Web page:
Sarah Blight:               [Laughter]

Jenny Baker:                Not sadly. Just a reality it is. They’re just — people sometimes that just are draining when we’re in new situations and so we don’t have any other kids. I’ve never raised, you know, any — I mean I had a duck once and I think a puppy.

Sarah Blight:               [Laughter]

Jenny Baker:                [Laughter] Other than that – I mean I’ve never, you know, raised anything living before until I figured it’s going to be pretty intense and so we decided, you know what? Let’s just talk through what we want and then how we feel like other people will handle it.

Sarah Blight:               Okay. So was your family — so you mentioned the two-hour window after you gave birth. And this included your — your family, your immediate family.    How did they take the news that you were not accepting anyone in to your room for an hour or two after Lucy came?

Jenny Baker:                Yeah, so at first, my parents just kind of checked the information in and they didn’t really react at first but then I started noticing like my mom would start saying little passive aggressive like in the midst of conversation and so I realized that I loved my mom and I want this to — I wanted Lucy’s birth to actually bring us closer together rather than further apart.            And the best way for us to come together during this time was actually just to talk about those feelings and to get them on the table. So I remember driving to work one morning and my mom was on the phone and said some snippy comment about, “Oh fine. I guess I’m not going to know because I won’t be in the room.” And I just finally, you know, what I realize? I realized that hurt underlying emotion there was she was afraid of being left out and she as feeling rejected.

And so I — just being able to kind of understand where she was coming from, I just hit those emotions head on and I just call her and I said, “Hey, mom. It sounds like you’re really afraid that we’re not going to include you in this really amazing experience.” And my mom paused and she was like, “Yeah, that’s really what it is. I just — I’m so excited. This is so special and I just — I just want to be part of it.” And so I was able to empathize with her feelings, support her but then talking the truth. And so that’s kind of sentence that we used when we set boundaries. It’s actually an acronym called S.E.T., S.E.T.      And the S stands for support. So make a supportive statement. E stands for empathize. Recognize their feelings and actually verbalize what they may be feeling. And then T stands for the truth but then stand in the truth.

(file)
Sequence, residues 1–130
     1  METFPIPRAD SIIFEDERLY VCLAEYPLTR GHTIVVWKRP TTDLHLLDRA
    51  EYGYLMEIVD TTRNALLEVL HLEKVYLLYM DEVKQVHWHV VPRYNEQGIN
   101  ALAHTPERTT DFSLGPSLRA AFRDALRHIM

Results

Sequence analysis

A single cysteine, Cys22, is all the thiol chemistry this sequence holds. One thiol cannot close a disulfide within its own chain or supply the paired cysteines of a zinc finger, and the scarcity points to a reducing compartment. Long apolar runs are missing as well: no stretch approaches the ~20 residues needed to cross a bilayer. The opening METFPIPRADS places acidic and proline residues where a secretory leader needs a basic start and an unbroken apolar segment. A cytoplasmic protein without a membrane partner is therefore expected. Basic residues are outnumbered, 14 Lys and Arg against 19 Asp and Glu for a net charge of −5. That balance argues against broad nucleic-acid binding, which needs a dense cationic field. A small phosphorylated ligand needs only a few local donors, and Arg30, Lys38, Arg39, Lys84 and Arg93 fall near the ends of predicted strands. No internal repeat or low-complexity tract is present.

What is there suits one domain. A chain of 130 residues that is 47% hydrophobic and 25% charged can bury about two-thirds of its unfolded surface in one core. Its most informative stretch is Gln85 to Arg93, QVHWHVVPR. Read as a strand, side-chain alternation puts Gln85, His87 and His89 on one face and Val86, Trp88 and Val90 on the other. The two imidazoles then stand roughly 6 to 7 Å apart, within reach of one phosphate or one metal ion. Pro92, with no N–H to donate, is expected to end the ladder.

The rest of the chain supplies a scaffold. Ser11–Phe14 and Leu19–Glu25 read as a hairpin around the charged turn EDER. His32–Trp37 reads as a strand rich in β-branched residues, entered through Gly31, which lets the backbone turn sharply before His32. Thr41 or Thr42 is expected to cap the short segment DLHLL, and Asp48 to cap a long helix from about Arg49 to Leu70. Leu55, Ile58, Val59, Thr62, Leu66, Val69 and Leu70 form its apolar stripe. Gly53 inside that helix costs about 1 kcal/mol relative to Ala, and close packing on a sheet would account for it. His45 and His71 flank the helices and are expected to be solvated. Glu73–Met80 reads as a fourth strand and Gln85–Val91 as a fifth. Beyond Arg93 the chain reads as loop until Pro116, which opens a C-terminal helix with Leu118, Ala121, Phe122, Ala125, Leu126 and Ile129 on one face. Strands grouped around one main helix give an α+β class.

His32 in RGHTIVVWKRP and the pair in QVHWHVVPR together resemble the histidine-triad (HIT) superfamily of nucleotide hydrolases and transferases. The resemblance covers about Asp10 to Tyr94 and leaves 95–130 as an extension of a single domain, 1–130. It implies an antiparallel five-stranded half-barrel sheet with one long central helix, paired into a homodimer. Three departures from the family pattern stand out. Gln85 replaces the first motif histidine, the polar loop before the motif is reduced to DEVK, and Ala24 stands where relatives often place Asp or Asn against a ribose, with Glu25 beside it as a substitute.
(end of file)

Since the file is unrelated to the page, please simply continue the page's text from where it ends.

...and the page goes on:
So with my mom it was, “Well mom, I can tell that you’re really burden by this,” support. E as, “It sounds like you’re really afraid about us leaving you out,” that’s the empathy. And the truth is, “And we want to have this amazing experience with you and the best way that we can do that is to allow us to have that focus time together as a family and bring you in after the two hours. And you know what, mom? We want you to be there the rest of the day and even the day we go home, like we want you to be there too for that.” So that really helps the other person feel hurt and care for but also allowed you to stand in the truth of what you know is best for your family.

Sarah Blight:               Wow, that’s really amazing. Well and it’s neat that you and your husband were both on the same page with it because I think it would be hard if you were feeling one way and your husband was feeling another way or just not really being sure how you’re going to feel when the time comes. I think a lot of people are, you know, kind of over plan and think well, we’re going to be so excited to show our baby off to everybody. Sure we want everyone to come to the hospital and for some people that may be the case. I think the point here is not to say you should have Jenny’s boundaries for your baby but the point is that you can have boundaries. It’s a good thing. You have to do what — what is right for your family, right?

Jenny Baker:                Yeah, definitely and I think it’s funny because even the best boundary-setter person like you’re going to find yourself in situations where you’re feeling stressed out, you’re feeling like you’re out of control, you’re feeling fearful and anxious and so what Franklin and I found even when we brought Lucy home was that were moments where we were reactively parenting instead of sitting down and buffering in time to talk about, hey, how are things going here, how do we feel about things. And so we decided there needs to be some safe space at the end of the day even at the end of the week for us to sit down and say, “Okay, how are you feeling about this? Why are you feeling this way? How — and just share how we’re reacting and so that we can think through ahead of time like, “Hey, you know what? When we find ourselves with your dad and maybe your dad wants to feed Lucy some food that we are necessarily giving her yet.”